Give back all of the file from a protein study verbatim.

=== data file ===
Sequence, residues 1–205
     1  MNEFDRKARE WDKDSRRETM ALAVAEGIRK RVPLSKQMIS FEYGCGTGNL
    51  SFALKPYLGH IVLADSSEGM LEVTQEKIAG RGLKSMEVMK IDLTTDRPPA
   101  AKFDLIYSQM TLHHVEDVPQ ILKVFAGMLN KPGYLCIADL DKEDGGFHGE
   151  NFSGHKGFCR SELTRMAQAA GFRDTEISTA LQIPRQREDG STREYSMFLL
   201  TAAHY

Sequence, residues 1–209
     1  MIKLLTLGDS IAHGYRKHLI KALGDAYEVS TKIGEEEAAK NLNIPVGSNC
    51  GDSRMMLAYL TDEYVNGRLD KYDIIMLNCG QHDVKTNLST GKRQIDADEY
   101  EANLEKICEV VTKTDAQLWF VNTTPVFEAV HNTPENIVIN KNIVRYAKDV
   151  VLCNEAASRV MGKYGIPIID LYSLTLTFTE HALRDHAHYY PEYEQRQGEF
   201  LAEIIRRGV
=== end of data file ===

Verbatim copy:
Sequence, residues 1–205
     1  MNEFDRKARE WDKDSRRETM ALAVAEGIRK RVPLSKQMIS FEYGCGTGNL
    51  SFALKPYLGH IVLADSSEGM LEVTQEKIAG RGLKSMEVMK IDLTTDRPPA
   101  AKFDLIYSQM TLHHVEDVPQ ILKVFAGMLN KPGYLCIADL DKEDGGFHGE
   151  NFSGHKGFCR SELTRMAQAA GFRDTEISTA LQIPRQREDG STREYSMFLL
   201  TAAHY

Sequence, residues 1–209
     1  MIKLLTLGDS IAHGYRKHLI KALGDAYEVS TKIGEEEAAK NLNIPVGSNC
    51  GDSRMMLAYL TDEYVNGRLD KYDIIMLNCG QHDVKTNLST GKRQIDADEY
   101  EANLEKICEV VTKTDAQLWF VNTTPVFEAV HNTPENIVIN KNIVRYAKDV
   151  VLCNEAASRV MGKYGIPIID LYSLTLTFTE HALRDHAHYY PEYEQRQGEF
   201  LAEIIRRGV